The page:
In exceptionally simple terms, there are 3 fundamental game plans used. You want to be agile enough to hop between tactics quickly as the action of the game unfolds.

The Blockade

This comprises of building a 6-deep wall of checkers, or at least as deep as you can manage, to lock in the opponent’s checkers that are on your 1-point. This is considered to be the most adequate procedure at the begining of the game. You can build the wall anywhere within your eleven-point and your 2-point and then move it into your home board as the game advances.

The Blitz

This is comprised of closing your home board as quick as possible while keeping your opposer on the bar. i.e., if your opposer tosses an early 2 and shifts one piece from your 1-point to your three-point and you then toss a five-five, you can play 6/1 6/1 8/3 eight/three. Your challenger is then in serious calamity since they have 2 checkers on the bar and you have locked half your inner board!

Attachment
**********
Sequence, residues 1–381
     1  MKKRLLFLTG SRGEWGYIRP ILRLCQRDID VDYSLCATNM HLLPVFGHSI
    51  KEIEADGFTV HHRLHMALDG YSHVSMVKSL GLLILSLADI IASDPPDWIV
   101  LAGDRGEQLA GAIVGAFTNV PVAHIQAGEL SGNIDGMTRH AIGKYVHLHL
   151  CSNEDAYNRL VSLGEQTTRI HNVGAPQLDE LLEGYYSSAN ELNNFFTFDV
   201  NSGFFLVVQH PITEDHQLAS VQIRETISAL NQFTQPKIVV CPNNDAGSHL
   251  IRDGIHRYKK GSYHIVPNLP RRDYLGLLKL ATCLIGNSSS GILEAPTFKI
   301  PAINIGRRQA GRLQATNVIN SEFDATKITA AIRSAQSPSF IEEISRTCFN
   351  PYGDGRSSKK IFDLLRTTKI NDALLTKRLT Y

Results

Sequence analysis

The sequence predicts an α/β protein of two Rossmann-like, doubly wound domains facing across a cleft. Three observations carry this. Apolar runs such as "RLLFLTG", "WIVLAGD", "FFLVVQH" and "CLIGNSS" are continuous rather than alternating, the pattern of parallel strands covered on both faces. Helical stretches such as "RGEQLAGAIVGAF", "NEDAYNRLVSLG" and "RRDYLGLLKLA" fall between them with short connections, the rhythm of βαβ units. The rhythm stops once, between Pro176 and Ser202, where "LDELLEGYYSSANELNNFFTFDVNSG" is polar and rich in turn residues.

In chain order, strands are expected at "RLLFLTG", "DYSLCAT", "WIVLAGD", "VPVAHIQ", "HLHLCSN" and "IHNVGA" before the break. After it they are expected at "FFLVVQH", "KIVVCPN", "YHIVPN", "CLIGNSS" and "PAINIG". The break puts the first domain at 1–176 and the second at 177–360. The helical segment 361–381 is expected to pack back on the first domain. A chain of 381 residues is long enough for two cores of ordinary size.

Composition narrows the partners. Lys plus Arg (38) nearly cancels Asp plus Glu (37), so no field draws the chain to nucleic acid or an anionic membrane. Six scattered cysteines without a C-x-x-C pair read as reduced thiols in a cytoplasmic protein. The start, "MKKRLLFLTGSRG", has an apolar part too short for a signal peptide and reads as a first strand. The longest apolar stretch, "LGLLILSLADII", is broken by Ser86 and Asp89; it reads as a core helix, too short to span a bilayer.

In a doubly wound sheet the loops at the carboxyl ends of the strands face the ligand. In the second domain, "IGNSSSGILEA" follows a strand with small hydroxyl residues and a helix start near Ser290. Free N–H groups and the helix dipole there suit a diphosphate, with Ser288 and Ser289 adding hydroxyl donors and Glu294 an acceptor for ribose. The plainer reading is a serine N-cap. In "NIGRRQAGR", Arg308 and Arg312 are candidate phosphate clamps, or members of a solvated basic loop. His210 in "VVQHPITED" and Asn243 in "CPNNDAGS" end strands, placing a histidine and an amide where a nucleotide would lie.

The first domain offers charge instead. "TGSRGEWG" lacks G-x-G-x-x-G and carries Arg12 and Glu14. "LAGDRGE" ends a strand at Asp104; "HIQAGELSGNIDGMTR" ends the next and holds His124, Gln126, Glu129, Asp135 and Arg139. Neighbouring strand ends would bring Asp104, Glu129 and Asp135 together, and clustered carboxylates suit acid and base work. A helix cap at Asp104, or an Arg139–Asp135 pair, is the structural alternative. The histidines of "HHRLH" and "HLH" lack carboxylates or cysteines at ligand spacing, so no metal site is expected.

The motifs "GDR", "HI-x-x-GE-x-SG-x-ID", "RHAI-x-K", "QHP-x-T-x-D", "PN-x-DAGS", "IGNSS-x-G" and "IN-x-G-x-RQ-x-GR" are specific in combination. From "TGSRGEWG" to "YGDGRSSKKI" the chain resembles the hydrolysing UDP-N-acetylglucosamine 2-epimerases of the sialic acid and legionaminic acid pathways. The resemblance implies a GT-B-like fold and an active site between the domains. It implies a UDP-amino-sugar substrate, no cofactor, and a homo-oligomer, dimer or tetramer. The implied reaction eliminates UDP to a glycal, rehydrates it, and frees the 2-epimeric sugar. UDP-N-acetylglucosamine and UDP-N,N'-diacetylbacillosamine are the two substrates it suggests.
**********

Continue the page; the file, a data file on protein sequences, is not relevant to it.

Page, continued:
The Backgame

This course of action is where you have two or more pieces in your competitor’s home board. (An anchor is a position filled by at least two of your checkers.) It would be employed when you are decidedly behind as this action greatly improves your opportunities. The best areas for anchor spots are towards your competitor’s smaller points and either on adjoining points or with a single point in between. Timing is essential for a powerful backgame: besides, there is no reason having 2 nice anchors and a complete wall in your own inner board if you are then forced to break up this right away, while your challenger is shifting their pieces home, considering that you do not have any other spare checkers to move! In this case, it’s more tolerable to have checkers on the bar so that you are able to maintain your position up till your opponent gives you an opportunity to hit, so it can be a good idea to try and get your opponent to hit them in this case!